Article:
Emergence of a Global Commons Movement, Year Zero
by Michel Bauwens, P2P Foundation blog, November 14, 2010
With the Commons Strategies Group (David Bollier, Silke Helfrich, Bea Busaniche, and myself) and associates from the Heinrich Boll Foundation (Heike Loeschmann) and E5 (Julio Lambing), as well as a host of enthusiastic volunteers of a support committee, the first International Commons Conference was held in Berlin, November 1 and 2. It's subtitle was: 'Towards a Commons-based Policy Making Framework.'
Though we may not have met the goal of policy making itself, I believe we can say with confidence that the meeting was a success nevertheless. Yes, the International Association for the Study of the Commons has for a number of decades done stellar social-scientific research on traditional commons; yes, we have witnessed a strong emergence of a digital commons culture and movement; and yes, we have seen a number of activist charters, mostly connected to the alterglobalization movement, being pronounced in the last few years. And yes, also, we have witnessed the first stirrings of policy-oriented commons initiatives such as David Bollier at On The Commons, James Quilligan's Global Commons Trust, Silke Helfrich's pioneering publishing work on the topic with the Boll Foundation. Including the work at the P2P Foundation (http://p2pfoundation.net/Category:Commons).
But the point is: these various emergent movements existed separately, did not mesh, and did not work globally on making the commons a reality in terms of politics and policy.
This then is the historical significance of the Berlin meet-up. That various branches of the commons movement, material and immaterial, met each other for an extensive dialogue, and for the most part, understood and acknowledged each other, even as many issues need to be debated and trashed out.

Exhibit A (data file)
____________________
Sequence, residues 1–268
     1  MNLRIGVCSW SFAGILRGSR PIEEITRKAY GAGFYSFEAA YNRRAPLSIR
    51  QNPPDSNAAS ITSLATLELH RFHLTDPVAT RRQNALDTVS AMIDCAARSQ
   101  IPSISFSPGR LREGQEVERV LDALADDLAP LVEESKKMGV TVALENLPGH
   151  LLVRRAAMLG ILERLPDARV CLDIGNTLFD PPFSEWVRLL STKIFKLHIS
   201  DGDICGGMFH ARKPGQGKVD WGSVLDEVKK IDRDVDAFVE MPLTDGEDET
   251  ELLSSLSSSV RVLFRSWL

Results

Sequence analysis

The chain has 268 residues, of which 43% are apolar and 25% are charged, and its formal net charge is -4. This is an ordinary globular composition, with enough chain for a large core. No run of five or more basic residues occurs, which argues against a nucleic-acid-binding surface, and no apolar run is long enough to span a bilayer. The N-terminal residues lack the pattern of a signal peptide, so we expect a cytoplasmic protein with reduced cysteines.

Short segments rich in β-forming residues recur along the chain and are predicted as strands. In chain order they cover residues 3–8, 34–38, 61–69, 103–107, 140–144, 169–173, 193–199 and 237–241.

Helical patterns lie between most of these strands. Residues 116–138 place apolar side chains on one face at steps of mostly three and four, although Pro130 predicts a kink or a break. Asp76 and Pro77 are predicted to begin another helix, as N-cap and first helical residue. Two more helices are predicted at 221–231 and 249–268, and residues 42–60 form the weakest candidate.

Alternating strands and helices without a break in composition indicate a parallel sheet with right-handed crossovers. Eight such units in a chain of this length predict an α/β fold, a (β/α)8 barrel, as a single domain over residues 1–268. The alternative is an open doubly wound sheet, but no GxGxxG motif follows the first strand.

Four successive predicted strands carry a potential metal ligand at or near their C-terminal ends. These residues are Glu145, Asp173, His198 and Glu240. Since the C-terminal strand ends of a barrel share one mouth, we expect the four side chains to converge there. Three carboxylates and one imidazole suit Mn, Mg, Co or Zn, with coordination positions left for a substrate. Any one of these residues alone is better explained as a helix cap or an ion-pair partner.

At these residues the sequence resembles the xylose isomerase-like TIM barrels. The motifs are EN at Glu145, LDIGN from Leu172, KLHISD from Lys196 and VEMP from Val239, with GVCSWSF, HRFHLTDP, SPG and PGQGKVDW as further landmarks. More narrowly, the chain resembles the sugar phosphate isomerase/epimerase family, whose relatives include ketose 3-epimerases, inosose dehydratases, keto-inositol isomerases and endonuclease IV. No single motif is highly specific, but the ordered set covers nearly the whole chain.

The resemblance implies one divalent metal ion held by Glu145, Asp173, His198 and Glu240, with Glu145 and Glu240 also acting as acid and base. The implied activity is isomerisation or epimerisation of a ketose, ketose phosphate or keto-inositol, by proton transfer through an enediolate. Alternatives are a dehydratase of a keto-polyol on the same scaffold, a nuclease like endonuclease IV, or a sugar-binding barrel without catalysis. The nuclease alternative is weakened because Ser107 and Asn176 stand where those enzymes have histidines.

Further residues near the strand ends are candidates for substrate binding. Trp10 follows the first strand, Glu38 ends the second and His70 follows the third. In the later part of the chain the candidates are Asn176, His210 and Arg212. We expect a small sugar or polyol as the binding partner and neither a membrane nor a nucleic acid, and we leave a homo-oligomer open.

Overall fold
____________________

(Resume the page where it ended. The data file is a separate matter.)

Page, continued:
While a conference of this scale always has a number of glitches (the program was really over-ambitious for such a short time, though it succeeded in creating a believable framework around the main issues), and a tiny minority proved reluctant (a famous global water commons advocate refused to sit on the same panel with a digital commons hacker), most attendees entered in a open and deep dialogue, and came away with very positive experiences, re-energized. Even a number of jaded activists, who felt at times despondent about the state of activism of more traditional political approaches, felt new vistas were opening up.
So, in a nutshell, these are the achievements of the conference:
- The various constituent movements related to the commons met for the first time, entered in a serious dialogue and recognized the need for joint policy frameworks about the global commons. The wish to continue this conversation and constitute a intermeshed global movement was palpable
- Representatives of the government of Ecuador publicly committed themselves to reframe their policies in the context of the commons
The Commons Strategies Group is therefore committed to continue its work facilitating and supporting this emergence, and is in a process of consultation about the best ways of doing this.
My own feelings, not yet fully discussed within the CSG, about what needs to be done in the future are this:
- Continue the discussion with constituent groups, and perhaps strengthen the links with political ecology and ecological economics, traditional social justice movements (labour, farmers, etc..); strive for even more diversity next time
- Strengthen the representation of those movements that bridge the immaterial and material commons, such as those engaged in the global construction through open design of a new distributed manufacturing infrastructure for appropriate technology
- Find ways to interconnect policy makers and political sympathizers within legislative and policy-making bodies, around thematic areas; through a observatory, online and offline dialogue, and the identification of commons-oriented stakeholders in all domains of social life
Lots of things to do, but it is vital in terms of the re-orientation of our world from its current destructive combination of pseudo-abundance (infinite growth in limited material environments) and artificial scarcities (il-legalisation of global cooperation and innovation sharing through repressive IP laws)
The CSG would be dedicated to intermeshing the global dialogues around reframing issues around commons-oriented policy solutions.